For his new series, Pablo Rasgado has delved into the depths of catalogues raisonnés, into the Bibliothèque Kandinsky at the Centre Pompidou and other archives in an attempt to recover lost images. One may argue that every research is an endeavour to retrieve or discover something that is lost or at least unknown. In Rasgado’s case however the objects he pursued had to remain lost in order to be singled out and reclaimed. Rasgado was searching for the blind spots of art history: The images that his serendipitous investigation has disclosed were those that have gone missing, that have been misplaced, destroyed, forgotten, or stolen at some point in their biography, whose provenance expired into the status “present whereabouts unknown.”

Rasgado set himself the task of repainting these works in their actual size and as close to the original as possible. However the new images mimic not their originals but rather their surrogates, the photographs, in regard to the amount of detail and most importantly their colour palette: most of the re-painted works adopt the greyscale of the photographs taken at some point over the last century and transform the reproduction into an oil grisaille.

Accordingly the paintings chosen by Rasgado necessitate two predicaments: that they are nowhere to be found, and that at some point before their loss they were photographically recorded. Rasgado collides the media and genres of painting and photography and with them their many complex evocations of the absent, of their status as emanation or representation of something that they are not. He also collides two distinct chronologies: The paintings date back to the 1440s up to the 1960s, but their photographic records follow a different and independent timeline, as well as a very distinct phenomenological status.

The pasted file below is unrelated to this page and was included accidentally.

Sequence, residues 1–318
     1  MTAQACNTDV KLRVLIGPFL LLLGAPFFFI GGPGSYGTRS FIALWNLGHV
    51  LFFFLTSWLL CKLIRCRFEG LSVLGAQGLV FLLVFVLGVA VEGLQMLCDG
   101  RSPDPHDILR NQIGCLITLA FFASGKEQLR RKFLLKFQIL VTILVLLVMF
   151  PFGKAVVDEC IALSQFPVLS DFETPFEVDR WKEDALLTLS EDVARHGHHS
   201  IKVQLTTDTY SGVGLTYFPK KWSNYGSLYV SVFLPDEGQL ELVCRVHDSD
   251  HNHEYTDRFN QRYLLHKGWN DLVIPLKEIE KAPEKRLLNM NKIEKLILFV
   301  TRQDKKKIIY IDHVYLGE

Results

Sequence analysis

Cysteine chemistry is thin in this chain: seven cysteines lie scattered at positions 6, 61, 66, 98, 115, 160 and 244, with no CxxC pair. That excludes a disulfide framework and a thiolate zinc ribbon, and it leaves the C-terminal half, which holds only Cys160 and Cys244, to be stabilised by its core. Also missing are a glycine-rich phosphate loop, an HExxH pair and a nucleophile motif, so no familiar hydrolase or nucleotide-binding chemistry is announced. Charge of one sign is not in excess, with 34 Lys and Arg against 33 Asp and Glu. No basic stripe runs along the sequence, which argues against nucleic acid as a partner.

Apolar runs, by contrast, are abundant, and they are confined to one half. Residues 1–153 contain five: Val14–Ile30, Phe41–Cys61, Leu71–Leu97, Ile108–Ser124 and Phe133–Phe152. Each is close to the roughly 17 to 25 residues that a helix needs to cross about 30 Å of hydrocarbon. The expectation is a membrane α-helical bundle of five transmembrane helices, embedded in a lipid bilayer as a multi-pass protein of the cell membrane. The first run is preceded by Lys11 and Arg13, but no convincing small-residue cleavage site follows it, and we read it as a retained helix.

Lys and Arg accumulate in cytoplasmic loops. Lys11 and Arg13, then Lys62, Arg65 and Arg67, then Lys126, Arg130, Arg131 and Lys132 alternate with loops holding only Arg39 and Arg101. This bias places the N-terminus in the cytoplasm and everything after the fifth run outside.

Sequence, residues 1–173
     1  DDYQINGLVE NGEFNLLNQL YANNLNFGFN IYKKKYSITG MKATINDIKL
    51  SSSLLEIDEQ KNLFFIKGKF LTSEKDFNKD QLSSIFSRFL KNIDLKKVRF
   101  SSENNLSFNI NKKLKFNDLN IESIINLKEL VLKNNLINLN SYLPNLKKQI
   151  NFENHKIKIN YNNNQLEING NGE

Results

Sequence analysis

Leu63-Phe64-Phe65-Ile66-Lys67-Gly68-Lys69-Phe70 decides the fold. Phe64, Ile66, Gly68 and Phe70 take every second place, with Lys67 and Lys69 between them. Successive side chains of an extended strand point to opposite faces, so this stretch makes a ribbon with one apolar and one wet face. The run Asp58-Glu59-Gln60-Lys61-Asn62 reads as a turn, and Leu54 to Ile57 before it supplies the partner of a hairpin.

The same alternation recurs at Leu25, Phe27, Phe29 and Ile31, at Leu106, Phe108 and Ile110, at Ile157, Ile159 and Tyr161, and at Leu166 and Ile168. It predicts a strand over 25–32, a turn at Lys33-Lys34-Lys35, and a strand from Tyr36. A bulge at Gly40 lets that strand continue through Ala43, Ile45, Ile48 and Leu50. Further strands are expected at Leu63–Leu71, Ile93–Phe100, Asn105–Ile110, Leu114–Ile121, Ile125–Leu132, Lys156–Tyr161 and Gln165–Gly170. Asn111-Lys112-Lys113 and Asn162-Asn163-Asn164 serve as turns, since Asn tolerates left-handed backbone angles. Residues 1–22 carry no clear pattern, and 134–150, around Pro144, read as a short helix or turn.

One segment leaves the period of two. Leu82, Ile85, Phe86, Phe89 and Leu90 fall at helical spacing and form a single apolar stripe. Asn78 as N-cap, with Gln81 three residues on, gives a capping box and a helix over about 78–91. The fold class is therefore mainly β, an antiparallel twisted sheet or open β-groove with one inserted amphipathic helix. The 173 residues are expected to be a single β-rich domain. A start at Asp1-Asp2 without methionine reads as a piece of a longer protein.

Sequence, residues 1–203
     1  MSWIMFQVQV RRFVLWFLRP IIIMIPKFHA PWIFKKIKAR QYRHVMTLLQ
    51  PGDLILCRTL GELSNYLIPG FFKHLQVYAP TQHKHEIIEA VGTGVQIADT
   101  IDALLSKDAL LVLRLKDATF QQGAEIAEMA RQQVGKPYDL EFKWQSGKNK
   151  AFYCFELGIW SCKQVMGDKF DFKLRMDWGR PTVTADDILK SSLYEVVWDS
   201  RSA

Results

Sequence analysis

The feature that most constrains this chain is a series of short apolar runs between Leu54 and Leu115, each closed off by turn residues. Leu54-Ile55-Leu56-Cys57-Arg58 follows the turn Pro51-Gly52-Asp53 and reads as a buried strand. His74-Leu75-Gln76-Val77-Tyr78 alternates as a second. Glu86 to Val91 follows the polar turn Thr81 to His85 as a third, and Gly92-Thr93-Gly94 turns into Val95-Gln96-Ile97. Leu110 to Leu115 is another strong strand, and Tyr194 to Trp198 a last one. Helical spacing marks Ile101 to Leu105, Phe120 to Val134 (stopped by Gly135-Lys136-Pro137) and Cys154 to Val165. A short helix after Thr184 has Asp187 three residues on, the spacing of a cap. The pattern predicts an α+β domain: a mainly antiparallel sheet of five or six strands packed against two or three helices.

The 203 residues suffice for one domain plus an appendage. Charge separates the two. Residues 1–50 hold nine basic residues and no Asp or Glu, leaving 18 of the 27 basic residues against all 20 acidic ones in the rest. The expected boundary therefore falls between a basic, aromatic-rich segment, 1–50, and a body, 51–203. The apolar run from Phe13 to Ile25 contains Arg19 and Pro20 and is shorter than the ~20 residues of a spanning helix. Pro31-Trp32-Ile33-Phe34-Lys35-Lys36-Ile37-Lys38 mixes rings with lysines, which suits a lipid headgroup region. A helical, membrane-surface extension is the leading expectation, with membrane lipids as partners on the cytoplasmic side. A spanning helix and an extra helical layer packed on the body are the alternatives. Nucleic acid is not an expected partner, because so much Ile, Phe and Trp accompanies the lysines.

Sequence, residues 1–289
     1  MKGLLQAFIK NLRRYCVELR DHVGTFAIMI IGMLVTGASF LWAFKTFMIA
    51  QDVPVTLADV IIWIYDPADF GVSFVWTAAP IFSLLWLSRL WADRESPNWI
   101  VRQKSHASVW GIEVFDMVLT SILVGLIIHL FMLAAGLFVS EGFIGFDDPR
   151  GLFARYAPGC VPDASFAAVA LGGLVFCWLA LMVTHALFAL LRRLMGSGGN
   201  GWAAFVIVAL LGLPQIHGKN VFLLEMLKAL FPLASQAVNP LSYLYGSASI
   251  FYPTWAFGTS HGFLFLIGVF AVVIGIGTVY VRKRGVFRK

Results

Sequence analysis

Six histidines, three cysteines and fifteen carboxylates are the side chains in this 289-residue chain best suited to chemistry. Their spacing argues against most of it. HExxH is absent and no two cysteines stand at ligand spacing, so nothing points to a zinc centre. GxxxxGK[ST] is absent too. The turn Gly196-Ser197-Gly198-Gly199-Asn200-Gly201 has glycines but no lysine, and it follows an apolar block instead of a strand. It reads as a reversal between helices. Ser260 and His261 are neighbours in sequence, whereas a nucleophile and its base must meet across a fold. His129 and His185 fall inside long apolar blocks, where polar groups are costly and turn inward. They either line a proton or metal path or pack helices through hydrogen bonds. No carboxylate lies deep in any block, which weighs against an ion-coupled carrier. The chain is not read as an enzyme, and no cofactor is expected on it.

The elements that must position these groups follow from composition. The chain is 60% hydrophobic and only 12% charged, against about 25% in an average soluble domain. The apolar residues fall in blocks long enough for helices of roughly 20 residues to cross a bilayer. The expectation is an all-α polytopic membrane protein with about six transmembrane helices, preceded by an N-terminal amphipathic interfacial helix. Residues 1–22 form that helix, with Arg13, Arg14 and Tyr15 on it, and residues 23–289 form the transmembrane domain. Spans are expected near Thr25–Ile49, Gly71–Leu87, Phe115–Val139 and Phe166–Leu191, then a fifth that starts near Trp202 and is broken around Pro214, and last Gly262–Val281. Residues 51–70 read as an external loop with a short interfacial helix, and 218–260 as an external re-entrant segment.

After recreating the lost paintings by Bellini, Velázquez, Léger, Balthus, etc., Rasgado placed the canvases in a palatial building in the centre of Paris. The building is partly abandoned and has been left in a state of slow decay for many years. Rasgaldo’s paintings, placed nonchalantly on the floor, along the Palais’ walls, and in remote corners, acted as attractors to the dust, binding it to their surfaces by virtue of an adhesive. A thick layer of grime, grit, of ashes, smut, of entropy and decay now clings to the cheeks of Philip IV, to Bellini’s Madonna, to Goya’s Stone Guest. The paintings have camouflaged themselves under a veil of dirty matter, adopting a new skin.

Rasgado himself then took to reworking the remaining paintings obscured under the veil of dust. The forms laid bare by his manipulations differ greatly–sometimes they seem to be casual wipes across the surface, in other instances they are highly geometric and premeditated. Bellini’s Madonna has been rendered comically absurd, only eyes and mouth drawn into the dust to create minimal smiley faces, reminiscent of Cecilia Gimenez’ infamously botched attempt at restoring an Ecce Homo fresco in Zaragoza.

Dust, as the ultimate reminder of transience, however can be reinterpreted as a perfect fertilizer in Rasgado’s Afterlife: as the white slate that facilitates the productive force of iteration, of anachronism and recollection.

(Excerpt from Eva Wilson’s Dust and Shadow and Afterlife)

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